Forcier gets nod at QB vs. Fighting Irish
ANN ARBOR, Mich. -- Tate Forcier was groomed by his father, two older brothers and Marv Marinovich to be a quarterback.
When the freshman threw three touchdowns before halftime in his college debut at Michigan, Forcier's mentors insisted they weren't awed.
"I'd be lying if I said I was surprised," Michael Forcier said Monday before a question was even asked about his son in a telephone interview with The Associated Press. "Tate has been doing this at every level.
"Me and Marv were just laughing about it because the kid just has so much moxie."
He was 13-of-20 for 179 yards and three scores -- connecting on an array of passes from the pocket and on the move -- in a win over Western Michigan. Back at home in San Diego, Michael Forcier watched and paced in front of his TV.
There's no way, though, he won't be at the Big House for his son's second game on Saturday against No. 23 Notre Dame.
"Oh yeah, I'll be there for that one," he said.
Rich Rodriguez said Forcier will take the first snap against the Fighting Irish, but he is sticking with his plan to also play speedy freshman Denard Robinson and slow-footed junior Nick Sheridan at quarterback.
Forcier became the third true freshman to start an opener at QB for Michigan, joining Chad Henne and Rick Leach, and the first for Rodriguez.
"He's not your typical freshman coming in that's not been around a little bit because of his older brothers and the exposure he got to camps and teaching and all that," Rodriguez said. "He's a little bit more seasoned and mature from a quarterback standpoint.
"But again, he's just one year removed from high school."
Last fall, Forcier was home-schooling in San Diego and starring at Scripps Ranch High School.
He graduated early, leaving the beach for the snow in Ann Arbor to enroll in classes in the winter and work out with the Wolverines before getting hands-on instruction during spring drills.
Steven Threet, who split starts with Sheridan last season, transferred from Michigan and Sheridan was injured, speeding up Forcier's learning curve in college.
Forcier fit in with his teammates right away, and that has helped them respect him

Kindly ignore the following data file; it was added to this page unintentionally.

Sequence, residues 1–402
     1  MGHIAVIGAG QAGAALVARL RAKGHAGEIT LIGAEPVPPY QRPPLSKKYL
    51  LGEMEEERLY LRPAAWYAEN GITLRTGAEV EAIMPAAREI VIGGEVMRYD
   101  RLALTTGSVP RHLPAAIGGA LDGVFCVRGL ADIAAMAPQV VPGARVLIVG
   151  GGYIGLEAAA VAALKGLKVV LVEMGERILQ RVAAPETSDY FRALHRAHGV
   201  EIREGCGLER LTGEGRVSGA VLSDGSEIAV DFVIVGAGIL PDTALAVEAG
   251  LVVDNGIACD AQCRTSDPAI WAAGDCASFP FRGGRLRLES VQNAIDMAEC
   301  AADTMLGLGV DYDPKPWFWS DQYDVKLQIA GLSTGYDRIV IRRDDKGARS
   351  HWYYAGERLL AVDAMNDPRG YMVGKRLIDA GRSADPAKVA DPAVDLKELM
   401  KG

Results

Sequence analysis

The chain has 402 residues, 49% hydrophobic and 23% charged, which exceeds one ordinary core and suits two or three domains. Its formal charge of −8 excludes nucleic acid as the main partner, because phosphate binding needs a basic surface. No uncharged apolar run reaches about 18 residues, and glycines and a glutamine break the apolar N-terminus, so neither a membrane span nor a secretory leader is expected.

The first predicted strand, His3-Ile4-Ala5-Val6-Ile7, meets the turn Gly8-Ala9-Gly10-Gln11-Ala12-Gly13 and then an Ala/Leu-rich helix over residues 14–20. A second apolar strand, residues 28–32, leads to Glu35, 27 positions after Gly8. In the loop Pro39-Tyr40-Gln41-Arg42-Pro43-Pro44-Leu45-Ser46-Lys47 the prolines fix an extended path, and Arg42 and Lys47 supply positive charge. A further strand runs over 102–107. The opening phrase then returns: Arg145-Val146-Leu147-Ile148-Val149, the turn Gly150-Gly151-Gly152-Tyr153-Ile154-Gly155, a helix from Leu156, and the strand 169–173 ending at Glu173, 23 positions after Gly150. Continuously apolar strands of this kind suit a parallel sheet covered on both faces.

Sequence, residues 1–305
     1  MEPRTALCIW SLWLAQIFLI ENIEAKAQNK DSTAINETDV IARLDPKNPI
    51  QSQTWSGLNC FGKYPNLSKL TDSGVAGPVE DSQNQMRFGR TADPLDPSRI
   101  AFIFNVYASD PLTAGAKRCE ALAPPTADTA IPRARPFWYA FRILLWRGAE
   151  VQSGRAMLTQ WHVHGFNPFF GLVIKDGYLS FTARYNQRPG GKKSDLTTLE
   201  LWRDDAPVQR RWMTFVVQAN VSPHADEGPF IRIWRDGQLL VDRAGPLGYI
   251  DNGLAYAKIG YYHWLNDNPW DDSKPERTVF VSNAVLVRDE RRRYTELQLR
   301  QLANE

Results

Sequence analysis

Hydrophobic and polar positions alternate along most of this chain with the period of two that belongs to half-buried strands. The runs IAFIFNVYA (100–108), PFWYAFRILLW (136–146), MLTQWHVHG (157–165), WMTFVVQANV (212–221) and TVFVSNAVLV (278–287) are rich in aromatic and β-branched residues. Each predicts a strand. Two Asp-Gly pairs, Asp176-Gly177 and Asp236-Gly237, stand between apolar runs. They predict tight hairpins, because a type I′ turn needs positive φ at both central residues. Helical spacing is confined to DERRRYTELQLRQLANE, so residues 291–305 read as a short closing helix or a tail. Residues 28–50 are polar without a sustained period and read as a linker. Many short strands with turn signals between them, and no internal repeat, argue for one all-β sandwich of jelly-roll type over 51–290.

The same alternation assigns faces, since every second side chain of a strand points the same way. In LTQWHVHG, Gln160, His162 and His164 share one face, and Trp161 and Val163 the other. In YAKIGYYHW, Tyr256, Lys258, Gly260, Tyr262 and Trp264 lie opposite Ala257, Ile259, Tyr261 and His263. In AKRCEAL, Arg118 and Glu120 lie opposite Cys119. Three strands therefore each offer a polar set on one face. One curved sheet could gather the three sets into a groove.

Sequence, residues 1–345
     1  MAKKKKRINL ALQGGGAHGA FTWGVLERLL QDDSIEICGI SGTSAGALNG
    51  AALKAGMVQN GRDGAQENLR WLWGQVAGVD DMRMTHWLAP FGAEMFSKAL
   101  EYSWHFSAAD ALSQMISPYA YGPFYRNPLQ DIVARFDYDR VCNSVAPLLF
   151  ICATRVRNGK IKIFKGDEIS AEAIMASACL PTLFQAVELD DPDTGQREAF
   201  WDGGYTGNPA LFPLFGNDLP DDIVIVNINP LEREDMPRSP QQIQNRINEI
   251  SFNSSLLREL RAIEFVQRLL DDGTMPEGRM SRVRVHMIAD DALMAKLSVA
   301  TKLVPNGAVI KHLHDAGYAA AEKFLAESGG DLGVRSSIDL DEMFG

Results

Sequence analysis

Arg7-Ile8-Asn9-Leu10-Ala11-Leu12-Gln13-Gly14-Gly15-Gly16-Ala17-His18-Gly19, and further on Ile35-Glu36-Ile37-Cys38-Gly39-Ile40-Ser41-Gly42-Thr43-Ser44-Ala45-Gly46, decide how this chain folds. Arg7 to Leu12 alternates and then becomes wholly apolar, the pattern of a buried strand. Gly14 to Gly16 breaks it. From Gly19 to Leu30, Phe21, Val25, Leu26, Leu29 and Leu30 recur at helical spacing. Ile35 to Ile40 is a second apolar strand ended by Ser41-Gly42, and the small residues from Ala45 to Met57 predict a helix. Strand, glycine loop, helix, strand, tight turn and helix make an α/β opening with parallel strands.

"He's a good leader for us -- even as a freshman," junior guard Steve Schilling said. "He's confident, and we're confident with him back there."
Confidence has never been a problem for Forcier.
He recalls tagging along with his father and older brothers for workouts when he was 4 or 5, joining them to run sprints up stairs.
"I hated it, but [my father] got to me to where I am and I love him for it," he said.
When he was 8 or 9, Forcier started to hone his passing mechanics and improve his strength, conditioning and sports psychology under the guidance of Marinovich.
The former USC and NFL player is a respected conditioning coach who works with athletes such as Troy Polamalu. Marinovich, though, is also known as an overbearing father. His son, Todd, was a star for the Trojans and a first-round pick whose career was stunted by substance abuse.
"Ability-wise, Tate is very similar to Todd because he's in control on the field with great biomechanics and a win-any-game confidence," Marv Marinovich said. "I've only spent time with Tate on the field, so I can't say what he's really like [off the field]."
Forcier didn't have much time to get in trouble while he was growing up because his schedule was packed with activities to make him a better QB.
"His daily regime was wake up at 6 o'clock in the morning, grab a protein shake, go run, come back, go to school," said Michigan quarterbacks coach Rod Smith, who recruited Forcier. "Then, he'd go get a workout with a private instructor, a quarterback coach so to speak, then do some homework and practice. That was his daily grind."
While the 19-year-old Forcier seems savvy and focused when it's time to practice or play, he's a fun-loving, goofy teenager with a toothy grin otherwise.
Forcier insisted he wasn't nervous in his first college game, adding he never has been and never will be on the football field.
"He probably was more nervous than he let on," Rodriguez said. "But he didn't act like it, and he didn't seem like it on the sidelines or in pregame. He had a big smile on his face."
His father said he also had a tear on his cheek.
"Tate said he cried when he ran out of the tunnel and on the field and saw 110,000 people and truly realized how much Michigan football means to so many people," he said. "It gets me choked up just thinking about him telling me that because it tells me my son really gets it."
Copyright 2009 by The Associated Press